Both populations of Hickman's potentilla may be threatened by alien species. The population on the Monterey Peninsula occurs at Indian Village where Ferreira in 1995 noted four alien grass taxa associated with it: Aira caryophylla, Bromus mollis, Festuca arundinacea, and Lolium multiflorum. The Festuca may have been introduced in a "meadow mix" used on adjacent fairways; its stature and invasiveness appear to compete with Potentilla hick-manii. Plantago coronopus is another alien present at this site that may be competing with Potentilla hick-manii. The alien grass Phalaris aquatica is also found at the San Mateo site, as is Genista monspessulana, an invasive alien shrub that occurs on the surrounding slopes. Potentilla hickmanii, at this location, is reported in greatest concentrations in those areas that support the most intact native habitats with the fewest annual grasses; whether lower densities elsewhere are due to competition from annual grasses has not yet been explored.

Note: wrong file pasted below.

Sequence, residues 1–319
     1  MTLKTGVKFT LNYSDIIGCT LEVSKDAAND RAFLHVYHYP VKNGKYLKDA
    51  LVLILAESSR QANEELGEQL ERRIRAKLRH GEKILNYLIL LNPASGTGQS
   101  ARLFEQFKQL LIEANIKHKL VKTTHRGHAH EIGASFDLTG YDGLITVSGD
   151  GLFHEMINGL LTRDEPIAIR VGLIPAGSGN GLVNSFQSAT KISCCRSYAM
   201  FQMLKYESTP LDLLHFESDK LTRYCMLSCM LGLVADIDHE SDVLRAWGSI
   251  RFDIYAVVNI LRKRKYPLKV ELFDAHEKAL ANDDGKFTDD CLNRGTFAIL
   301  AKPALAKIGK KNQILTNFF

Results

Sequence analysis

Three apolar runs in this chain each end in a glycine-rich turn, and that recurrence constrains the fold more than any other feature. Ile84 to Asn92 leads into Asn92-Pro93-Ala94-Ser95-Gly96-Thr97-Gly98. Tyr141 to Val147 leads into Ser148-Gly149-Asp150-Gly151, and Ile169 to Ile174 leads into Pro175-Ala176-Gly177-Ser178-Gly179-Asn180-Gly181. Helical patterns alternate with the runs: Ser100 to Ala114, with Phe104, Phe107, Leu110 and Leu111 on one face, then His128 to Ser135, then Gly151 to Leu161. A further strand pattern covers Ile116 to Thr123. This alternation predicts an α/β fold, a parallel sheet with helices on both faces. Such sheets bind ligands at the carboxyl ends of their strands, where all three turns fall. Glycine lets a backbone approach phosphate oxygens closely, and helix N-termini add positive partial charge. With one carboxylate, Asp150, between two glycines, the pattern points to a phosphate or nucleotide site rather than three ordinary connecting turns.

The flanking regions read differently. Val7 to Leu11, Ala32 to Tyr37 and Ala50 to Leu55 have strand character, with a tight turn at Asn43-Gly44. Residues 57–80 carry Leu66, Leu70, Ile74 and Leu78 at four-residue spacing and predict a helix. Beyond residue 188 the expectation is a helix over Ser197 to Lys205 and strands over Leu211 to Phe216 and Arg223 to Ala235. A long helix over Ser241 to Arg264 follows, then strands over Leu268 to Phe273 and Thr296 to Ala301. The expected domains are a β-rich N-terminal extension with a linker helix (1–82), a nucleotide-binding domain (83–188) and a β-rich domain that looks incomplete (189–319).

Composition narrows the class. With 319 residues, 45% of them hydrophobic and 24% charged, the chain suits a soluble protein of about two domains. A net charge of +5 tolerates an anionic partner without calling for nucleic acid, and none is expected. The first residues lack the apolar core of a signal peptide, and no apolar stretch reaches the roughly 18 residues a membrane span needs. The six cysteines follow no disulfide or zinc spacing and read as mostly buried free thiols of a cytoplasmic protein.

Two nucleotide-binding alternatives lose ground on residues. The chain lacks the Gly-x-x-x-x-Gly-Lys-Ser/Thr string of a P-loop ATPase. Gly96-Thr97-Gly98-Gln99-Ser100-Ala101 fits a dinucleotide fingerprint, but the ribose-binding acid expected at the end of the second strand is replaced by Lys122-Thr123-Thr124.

Alteration of habitat due to continuing recreational use of portions of Pebble Beach threaten the small populations of Hickman's potentilla there. Trampling by humans and horses can affect this taxa directly, as well as alter soil compaction and erosion to such a degree that alien taxa increase at the expense of native ones.
Vandalism is a potential threat for Hickman's potentilla. The sites that this plant inhabits are small, easily accessible, and highly susceptible to vandalism, an activity that could destroy a significant portion of these populations.
The inability of existing regulatory mechanisms to adequately protect this species has contributed to its status. In managing the habitat for this species in the Del Monte Forest Land Use Plan, the Pebble Beach Company has constructed fencing around part of the Potentilla hickmanii occurrences and has a program for control or eradication of alien species found within these areas. The Del Monte Forest Foundation, which manages the Morse Reserve and Huckleberry Hill Open Space area, also has a control program for alien species. Despite these protections, adjacent areas identified for development have already been harmed, as well as the protected areas themselves.
Conservation and Recovery